Second, we compared the developed algorithm with a diverse set of evolutionary algorithms in literature. Finally, scalability analysis was carried out to study the effect of the dimensionality of the problem on the performance of the algorithm.

4.1.  Test Suite and Performance Evaluation Criteria

We test our algorithm on a set of 40 commonly used test functions in the literature. Appendix  A lists the descriptions of the functions and their respective characteristics including the global optimum , dimensionality, and the characteristics, such as epistasis, modality, and discontinuity. The test functions f1 through f10, f26 through f34, and f37, which are the same as used in Noman and Iba (2008), are applied to carry out the component analysis. In component analysis, to evaluate the performance of the algorithms, the performance criteria applied in Noman and Iba (2008) and Suganthan et al. (2005) are adopted. The analysis is based on the statistics of the criteria within 25 trials. In all cases, the maximal number of fitness evaluations (NFE) to carry out the trials is 10,000 where n is the dimension of the problem. The criteria can be summarised as follows:

  • Error Criterion. The function error value (FEV) is defined as , the difference between the objective values (fitness) of the global optimum of the function and a solution x. We record the minimal FEV that the algorithm can find within the maximal NFE, and calculate the mean (AVGE) and standard deviation (SD) of these FEVs. The notation AVGESDE is used to summarise the criterion.

  • NFE Criterion. If the minimal FEV is less than an accuracy level within NFE, the trial is considered to be successful. We count the number of successful trials, and denote the number as SUC. The number of fitness evaluations required for the algorithm to be successful is recorded, and the mean and standard deviation are calculated, and denoted by AVGN and SDN. The accuracy level is fixed to 10-6 for f1 through f5 and f26 through f40, to 10-2 for f6 through f16 and to 10-1 for f17 through f25 as used in Suganthan et al. (2005). The notation used here is AVGNSDN.

  • Convergence Graphs. The graphs show the evolution process of the algorithms, that is, the average error performance against the generations and/or NFEs.

  • Hypothesis Test. Hypothesis test (either the rank sum test or the Z test) is applied in the following experiments at the 5% significance level. A p value less than .05 suggests a significant difference.

NFEs used by IMMA include the NFEs consumed by NEWUOA and the developed EDA. The performance comparisons of the various EAs used varying performance criteria which will be described specifically in each context.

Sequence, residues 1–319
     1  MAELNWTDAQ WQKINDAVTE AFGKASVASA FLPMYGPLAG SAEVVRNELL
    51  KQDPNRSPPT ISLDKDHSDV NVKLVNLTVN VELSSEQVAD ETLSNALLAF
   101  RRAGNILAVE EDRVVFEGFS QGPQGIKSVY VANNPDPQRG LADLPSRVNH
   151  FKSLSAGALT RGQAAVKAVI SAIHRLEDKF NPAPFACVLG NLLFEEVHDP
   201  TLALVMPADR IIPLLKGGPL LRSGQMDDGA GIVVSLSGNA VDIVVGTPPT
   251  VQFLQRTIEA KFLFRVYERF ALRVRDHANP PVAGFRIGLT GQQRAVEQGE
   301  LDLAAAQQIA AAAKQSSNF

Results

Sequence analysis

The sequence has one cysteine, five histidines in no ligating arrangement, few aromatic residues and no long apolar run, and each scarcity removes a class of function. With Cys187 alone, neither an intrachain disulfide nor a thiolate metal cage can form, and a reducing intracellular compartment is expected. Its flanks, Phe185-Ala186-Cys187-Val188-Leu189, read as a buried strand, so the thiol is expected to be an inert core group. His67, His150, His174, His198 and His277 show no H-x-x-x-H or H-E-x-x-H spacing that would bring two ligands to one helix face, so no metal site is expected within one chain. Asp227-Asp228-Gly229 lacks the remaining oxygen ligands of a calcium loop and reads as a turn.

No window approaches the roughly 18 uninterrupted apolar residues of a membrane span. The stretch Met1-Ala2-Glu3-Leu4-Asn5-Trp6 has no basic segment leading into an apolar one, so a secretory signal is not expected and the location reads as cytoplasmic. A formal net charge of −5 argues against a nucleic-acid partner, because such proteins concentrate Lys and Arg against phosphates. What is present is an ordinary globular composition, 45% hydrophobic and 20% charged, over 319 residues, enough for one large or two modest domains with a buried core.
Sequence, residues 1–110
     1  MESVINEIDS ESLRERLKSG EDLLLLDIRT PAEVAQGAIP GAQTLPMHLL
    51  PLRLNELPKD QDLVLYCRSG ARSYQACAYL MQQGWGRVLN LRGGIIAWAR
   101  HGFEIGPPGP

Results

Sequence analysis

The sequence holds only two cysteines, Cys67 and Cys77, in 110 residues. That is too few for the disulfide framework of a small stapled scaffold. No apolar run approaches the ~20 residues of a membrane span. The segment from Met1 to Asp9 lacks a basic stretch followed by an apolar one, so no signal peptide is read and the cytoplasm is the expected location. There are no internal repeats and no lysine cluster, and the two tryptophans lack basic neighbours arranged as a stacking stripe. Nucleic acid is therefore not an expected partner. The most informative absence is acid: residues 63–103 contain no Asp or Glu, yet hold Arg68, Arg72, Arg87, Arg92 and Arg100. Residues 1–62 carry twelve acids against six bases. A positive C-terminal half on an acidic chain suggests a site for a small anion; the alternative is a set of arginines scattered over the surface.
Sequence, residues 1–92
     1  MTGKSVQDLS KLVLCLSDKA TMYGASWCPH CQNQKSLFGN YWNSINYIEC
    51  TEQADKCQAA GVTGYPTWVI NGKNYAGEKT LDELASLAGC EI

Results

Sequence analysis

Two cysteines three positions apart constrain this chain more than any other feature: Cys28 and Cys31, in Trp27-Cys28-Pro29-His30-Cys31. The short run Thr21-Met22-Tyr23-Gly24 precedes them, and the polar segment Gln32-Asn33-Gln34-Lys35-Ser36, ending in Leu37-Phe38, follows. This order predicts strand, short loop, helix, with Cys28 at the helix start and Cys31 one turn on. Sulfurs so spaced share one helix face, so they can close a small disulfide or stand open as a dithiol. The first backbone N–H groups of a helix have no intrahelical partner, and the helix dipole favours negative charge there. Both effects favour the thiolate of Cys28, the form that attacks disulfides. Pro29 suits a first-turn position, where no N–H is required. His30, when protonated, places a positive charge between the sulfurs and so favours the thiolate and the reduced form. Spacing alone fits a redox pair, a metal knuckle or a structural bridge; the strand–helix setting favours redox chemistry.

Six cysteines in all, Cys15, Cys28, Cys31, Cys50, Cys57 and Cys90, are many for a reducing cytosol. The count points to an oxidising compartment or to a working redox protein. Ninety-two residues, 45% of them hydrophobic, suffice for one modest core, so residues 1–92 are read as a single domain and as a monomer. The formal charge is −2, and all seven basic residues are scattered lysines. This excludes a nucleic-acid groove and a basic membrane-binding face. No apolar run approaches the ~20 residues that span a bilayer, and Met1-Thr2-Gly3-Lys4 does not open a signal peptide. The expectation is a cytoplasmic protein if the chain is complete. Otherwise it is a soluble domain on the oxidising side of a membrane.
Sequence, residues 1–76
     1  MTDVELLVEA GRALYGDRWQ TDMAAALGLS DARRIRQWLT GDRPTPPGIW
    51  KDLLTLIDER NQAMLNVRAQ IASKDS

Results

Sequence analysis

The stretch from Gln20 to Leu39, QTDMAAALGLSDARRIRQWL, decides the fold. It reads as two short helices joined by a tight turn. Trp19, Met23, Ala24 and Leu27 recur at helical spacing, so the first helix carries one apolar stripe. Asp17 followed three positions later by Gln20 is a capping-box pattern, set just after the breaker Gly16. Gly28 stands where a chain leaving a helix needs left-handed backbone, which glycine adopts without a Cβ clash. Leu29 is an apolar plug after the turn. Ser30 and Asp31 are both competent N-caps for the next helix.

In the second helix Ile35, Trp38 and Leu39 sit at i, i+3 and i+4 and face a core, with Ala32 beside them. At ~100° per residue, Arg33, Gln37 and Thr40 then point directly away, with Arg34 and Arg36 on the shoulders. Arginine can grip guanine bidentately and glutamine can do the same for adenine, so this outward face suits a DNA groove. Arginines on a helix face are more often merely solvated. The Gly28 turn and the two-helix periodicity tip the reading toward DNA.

4.2.  Component Analysis

4.2.1.  Sensitivity to Population Size

The population size is an important factor to the performance of EAs. Large population sizes tend to encourage the preservation of diversity and hence improve the exploration ability of EAs. However, a large population size will make EAs exhaust the fitness evaluations too quickly. Therefore, there should be a trade-off between the exploration capability and the computational cost used for the exploration. To investigate the effect of the population size on the IMMA performance, we apply the IMMA with varied population size on the test functions with n = 30. The adaptive multivariate model and the multiple sampling strategy with L = 3 are applied. The population size is set as M=kn, where . The experimental results are listed in Table 1, where best results are shown in bold type. The upper part of the table lists the NFE criterion obtained for those functions in which all runs reach the accuracy levels, while the lower part of the table shows the error criterion obtained for those functions that IMMA cannot reach the accuracy level in all 25 trials. Table 2 lists the average number of cycles in which IMMA reaches the accuracy level, the number of success trials, and the p values obtained from the rank sum test between the results for M=60 and other population sizes.

Table 1:
The experimental results obtained by the IMMA with varying population size M for the test functions with n=30, while NFEs are shown for the functions that can be solved successfully in the 25 trials, and the best error values are shown for the hard functions.
FunctionM = 30M = 60M=150M=300
AVGNSDN     
f1 2.86e+03 2.08e+02 6.55e+03 6.27e+02 1.52e+04 5.83e+03 3.03e+04 1.17e+03 
f2 8.68e+03 9.55e+02 1.01e+04 1.03e+03 1.33e+04 1.75e+03 1.90e+04 3.70e+03 
f3 2.95e+04 2.05e+03 3.13e+04 2.57e+03 3.32e+04 2.24e+03 3.80e+04 2.83e+03 
f6 2.10e+04 1.84e+04 3.11e+04 3.03e+04 4.13e+04 3.02e+04 6.01e+04 2.97e+04 
f7 6.55e+03 4.09e+03 1.02e+04 6.28e+03 5.11e+04 1.06e+04 9.61e+04 5.16e+04 
f9 3.79e+04 1.12e+04 3.94e+04 1.46e+04 3.90e+04 9.43e+03 4.41e+04 7.93e+03 
f10 5.47e+04 1.45e+04 4.20e+04 1.61e+04 3.97e+04 1.63e+04 5.19e+04 1.64e+04 
f28 2.87e+03 1.36e+02 6.30e+03 3.56e+02 1.85e+04 1.36e+03 4.05e+04 3.70e+03